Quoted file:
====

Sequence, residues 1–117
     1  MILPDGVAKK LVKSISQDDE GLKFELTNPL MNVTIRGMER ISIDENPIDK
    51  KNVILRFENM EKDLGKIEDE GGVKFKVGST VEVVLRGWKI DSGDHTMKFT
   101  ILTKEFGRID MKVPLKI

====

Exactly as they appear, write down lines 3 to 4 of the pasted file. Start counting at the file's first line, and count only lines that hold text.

    51  KNVILRFENM EKDLGKIEDE GGVKFKVGST VEVVLRGWKI DSGDHTMKFT
   101  ILTKEFGRID MKVPLKI